…the traditional definition of a cameo is a piece of jewelry Carved in Relief in stone or shell.
If a cameo is made of lava, it is almost certainly Victorian.
If the cameo is mounted as a brooch, carefully examine the pin and hook. Safety catches are a 20th century adaptation. If the cameo has one, then it is either not older than the early 1900s or a new catch has been added. If it is an addition, this can usually be ascertained by more careful examination. Look for signs of soldering. Often the new catch is attached to a small plate jointed to the back of the brooch. Next look closely at the pin and notice what kind of hinge it has. If the sharp point of the pin extends past the body of the brooch, it is an ‘oldie.’
Gold, silver, pinchbeck, gold filled, cut-steel, and jet were some of the materials used for mounting cameos. Pinchbeck is an alloy of copper and zinc used to create brass that resembles gold. The type of metal used can often give an indication of when it was made. If the mounting is pinchbeck, it was probably made between the early 1700s and the mid-1800s. Gold electroplating was patented in 1840 so, if the piece was plated, it was made after that date. Nine-karat gold was legalized in 1854, and a piece in 9k would have to be made after that date. A popular metal used for mountings in the 1880s was silver, but this does not mean that all cameos mounted in silver were made at that time.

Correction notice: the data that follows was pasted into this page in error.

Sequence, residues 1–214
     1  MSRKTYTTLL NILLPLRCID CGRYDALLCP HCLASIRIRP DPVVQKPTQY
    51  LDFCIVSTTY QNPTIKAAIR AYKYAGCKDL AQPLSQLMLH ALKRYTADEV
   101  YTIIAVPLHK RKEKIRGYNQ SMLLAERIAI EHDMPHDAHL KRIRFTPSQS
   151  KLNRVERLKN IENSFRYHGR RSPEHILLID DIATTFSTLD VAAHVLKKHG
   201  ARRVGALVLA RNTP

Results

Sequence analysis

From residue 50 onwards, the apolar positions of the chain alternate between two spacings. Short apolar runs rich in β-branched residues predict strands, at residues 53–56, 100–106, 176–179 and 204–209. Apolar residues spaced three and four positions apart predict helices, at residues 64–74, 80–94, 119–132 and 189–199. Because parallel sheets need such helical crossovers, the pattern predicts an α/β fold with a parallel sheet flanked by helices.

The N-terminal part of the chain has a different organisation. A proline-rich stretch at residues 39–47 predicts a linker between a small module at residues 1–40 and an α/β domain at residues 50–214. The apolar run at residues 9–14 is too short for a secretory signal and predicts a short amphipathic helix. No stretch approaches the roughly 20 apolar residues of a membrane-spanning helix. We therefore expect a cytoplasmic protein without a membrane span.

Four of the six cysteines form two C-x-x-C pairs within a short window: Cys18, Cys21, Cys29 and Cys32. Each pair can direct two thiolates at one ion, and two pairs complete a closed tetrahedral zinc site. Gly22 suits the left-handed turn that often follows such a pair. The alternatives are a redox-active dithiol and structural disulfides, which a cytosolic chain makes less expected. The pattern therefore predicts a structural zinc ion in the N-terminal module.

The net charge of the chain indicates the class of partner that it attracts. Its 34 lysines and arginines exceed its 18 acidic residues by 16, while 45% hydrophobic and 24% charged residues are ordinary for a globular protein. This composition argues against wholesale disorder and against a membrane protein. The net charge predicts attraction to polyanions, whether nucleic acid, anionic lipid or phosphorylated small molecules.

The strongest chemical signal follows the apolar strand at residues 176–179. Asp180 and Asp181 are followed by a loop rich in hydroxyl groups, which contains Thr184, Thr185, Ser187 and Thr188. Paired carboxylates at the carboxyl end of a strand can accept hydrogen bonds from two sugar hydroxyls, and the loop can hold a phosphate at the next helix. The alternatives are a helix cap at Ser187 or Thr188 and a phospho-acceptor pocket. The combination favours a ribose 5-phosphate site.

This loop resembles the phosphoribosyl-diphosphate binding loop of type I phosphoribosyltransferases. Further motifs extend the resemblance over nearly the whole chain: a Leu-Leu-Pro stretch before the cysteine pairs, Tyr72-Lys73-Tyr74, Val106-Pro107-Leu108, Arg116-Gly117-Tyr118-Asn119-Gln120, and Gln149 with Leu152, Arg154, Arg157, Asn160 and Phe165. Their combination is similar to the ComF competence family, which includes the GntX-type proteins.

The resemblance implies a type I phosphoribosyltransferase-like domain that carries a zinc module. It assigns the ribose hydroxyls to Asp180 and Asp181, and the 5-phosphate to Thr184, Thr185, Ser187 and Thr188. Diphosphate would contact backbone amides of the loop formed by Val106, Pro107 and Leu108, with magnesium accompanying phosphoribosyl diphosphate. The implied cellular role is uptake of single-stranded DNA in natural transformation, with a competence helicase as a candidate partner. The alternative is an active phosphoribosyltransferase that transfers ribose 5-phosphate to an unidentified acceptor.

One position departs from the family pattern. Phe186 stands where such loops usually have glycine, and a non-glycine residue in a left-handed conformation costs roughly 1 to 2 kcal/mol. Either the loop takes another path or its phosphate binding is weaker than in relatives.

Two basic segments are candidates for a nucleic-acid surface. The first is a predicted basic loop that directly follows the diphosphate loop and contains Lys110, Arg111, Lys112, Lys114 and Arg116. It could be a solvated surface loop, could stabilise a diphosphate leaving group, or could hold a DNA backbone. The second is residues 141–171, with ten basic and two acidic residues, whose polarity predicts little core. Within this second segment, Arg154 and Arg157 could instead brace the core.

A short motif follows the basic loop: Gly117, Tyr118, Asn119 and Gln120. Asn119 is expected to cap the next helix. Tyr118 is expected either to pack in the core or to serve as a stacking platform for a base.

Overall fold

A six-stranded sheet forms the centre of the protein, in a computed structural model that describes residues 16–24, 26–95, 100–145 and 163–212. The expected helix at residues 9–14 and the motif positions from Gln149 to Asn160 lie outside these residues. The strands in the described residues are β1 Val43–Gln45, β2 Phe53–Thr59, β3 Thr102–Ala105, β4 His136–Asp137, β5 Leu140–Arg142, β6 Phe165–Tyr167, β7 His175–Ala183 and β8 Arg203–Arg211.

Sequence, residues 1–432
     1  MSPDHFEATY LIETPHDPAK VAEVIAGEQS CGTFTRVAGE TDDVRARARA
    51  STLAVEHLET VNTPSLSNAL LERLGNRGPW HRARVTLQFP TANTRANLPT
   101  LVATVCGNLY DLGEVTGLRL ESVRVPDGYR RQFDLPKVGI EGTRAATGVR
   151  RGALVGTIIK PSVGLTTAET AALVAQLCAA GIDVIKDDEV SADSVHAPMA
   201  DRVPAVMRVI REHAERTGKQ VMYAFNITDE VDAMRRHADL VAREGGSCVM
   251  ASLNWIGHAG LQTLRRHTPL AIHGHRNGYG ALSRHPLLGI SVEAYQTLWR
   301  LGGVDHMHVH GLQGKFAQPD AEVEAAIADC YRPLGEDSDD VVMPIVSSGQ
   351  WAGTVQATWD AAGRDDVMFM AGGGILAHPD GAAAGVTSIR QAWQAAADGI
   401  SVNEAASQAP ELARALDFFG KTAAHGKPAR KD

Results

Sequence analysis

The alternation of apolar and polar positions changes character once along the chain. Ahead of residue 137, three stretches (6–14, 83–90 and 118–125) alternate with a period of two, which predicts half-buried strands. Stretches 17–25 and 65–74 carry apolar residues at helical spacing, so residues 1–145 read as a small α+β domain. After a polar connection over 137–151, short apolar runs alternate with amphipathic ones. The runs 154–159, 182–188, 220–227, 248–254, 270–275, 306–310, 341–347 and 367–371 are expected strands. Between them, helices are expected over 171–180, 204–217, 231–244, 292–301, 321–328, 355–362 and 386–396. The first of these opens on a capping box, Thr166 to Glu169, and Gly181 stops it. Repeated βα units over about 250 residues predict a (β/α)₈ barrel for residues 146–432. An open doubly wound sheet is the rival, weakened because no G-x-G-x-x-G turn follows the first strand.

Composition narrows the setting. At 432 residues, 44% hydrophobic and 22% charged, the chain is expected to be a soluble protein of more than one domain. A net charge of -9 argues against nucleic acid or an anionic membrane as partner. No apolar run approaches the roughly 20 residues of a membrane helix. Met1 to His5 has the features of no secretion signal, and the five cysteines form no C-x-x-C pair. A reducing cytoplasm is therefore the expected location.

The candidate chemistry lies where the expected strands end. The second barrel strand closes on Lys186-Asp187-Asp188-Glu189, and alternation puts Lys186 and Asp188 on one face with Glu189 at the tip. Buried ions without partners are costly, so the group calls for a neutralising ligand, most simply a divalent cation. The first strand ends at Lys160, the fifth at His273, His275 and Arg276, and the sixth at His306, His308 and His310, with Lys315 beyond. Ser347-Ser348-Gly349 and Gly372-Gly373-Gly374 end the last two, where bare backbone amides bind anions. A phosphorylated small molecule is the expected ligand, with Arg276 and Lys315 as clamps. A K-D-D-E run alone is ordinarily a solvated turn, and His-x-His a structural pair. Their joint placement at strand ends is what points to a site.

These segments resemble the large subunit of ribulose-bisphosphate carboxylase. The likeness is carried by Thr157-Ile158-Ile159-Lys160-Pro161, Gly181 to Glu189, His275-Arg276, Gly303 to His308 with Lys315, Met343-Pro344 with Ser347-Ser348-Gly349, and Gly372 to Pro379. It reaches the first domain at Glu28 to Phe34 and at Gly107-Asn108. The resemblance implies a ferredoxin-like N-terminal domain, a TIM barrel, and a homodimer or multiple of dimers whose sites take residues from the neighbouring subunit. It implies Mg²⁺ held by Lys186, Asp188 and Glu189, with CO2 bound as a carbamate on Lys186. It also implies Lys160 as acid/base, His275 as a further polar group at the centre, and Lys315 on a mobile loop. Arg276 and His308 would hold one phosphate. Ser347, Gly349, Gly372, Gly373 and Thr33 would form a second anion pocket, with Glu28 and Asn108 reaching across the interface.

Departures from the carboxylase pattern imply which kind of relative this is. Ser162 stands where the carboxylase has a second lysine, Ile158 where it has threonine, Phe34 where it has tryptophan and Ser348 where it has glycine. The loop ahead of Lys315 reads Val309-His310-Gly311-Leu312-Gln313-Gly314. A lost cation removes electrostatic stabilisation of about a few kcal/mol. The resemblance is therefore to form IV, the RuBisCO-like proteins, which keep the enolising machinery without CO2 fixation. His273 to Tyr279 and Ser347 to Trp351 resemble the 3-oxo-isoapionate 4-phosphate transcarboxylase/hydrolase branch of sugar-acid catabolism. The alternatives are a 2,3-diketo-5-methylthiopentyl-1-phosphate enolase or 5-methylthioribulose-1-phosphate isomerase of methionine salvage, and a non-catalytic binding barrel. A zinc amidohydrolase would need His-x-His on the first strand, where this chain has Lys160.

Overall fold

Some materials used to make cameos….
Bog Oak…wood preserved in bogs of Ireland and used to make jewelry during the Victorian era.
Gutta-percha…a hard rubber material made from the sap of a Malayan tree. Discovered in the 1840’s, it was used for making jewelry, statuary, and furniture.
Lava…lava from Mt.Vesuvius, usually carved into cameos or intaglio’s.
Conch shell, Ivory, and stone….
Other materials have been used in the later cameo jewelry…since I don’t deal or collect those pieces I will address them if the need arises.
To test for cracks and to view the transparency of shell cameos, simply hold them to the light.